All you fathers, who think that your role as a dad goes just up to being the provider, read this. A new study claims that father’s who play an active part in raising their children actually bring up more intelligent and smart kids. So the more time you spend with your toddler the smarter he will grow up to be!
Conducted by researchers in Britain, the 50 year old study involved nearly 17,000 British people born in 1958. It revealed that dad’s who are in full operation when their child is growing up raise them to not only have higher IQs but also them scale a high social status later on.
Lead researcher Dr Daniel Nettle from the Newcastle University, mentioned, “The (study’s) data suggest that having a second adult involved during childhood produces benefits in terms of skills and abilities that endure throughout adult life. What was surprising about this research was the real sizeable difference in the progress of children who benefited from paternal interest and how 30 years later, people whose dads were involved are more upwardly mobile.”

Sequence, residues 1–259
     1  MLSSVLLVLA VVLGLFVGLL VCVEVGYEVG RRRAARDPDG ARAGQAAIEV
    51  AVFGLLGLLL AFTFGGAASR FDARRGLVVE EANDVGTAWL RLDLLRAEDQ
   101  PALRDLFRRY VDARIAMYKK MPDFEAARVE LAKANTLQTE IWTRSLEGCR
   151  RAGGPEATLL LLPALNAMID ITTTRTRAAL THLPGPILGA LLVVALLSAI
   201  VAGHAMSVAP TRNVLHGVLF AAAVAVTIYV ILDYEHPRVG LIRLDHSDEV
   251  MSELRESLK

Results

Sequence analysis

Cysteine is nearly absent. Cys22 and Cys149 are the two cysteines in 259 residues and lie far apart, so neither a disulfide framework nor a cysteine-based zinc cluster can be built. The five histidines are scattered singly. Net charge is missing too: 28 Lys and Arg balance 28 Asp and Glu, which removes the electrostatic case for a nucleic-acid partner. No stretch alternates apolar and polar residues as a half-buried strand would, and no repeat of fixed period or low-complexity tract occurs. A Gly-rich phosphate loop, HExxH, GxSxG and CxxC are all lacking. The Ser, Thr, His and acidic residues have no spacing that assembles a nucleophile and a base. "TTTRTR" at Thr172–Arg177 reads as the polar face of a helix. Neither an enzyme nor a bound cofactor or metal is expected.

As part of the research, the team of experts interviewed mothers about the involvement of the father in their kid’s daily activities that included reading, organising outings and spending quality time. Interestingly fathers who belonged to a higher socio-economic status on the basis of income, education, occupation and health were found to interact more actively with their kids.
The research suggests that hands-on dads had a greater effect on their kids. As compared to children whose dad’s were not really actively involved in their upbringing, kids whose fathers spent more time with them had better IQ levels, in fact much higher levels. The kids in the latter group were also more socially mobile against their counterparts who got less or no attention. These differences were identifiable even by the age of 42.
While dads were found to spend more times with their sons than their daughters, both sexes apparently benefited equally from the interaction. According to study children who were adopted and had fathers who were hardly or not involved at all fared no better than children brought up by single mums.
So now you know what to do in case you want your youngster to thrive in life. Just show your love by spending a little more time with him or her.
The latest edition of the ‘Evolution and Human Behaviour’ journal has published this study.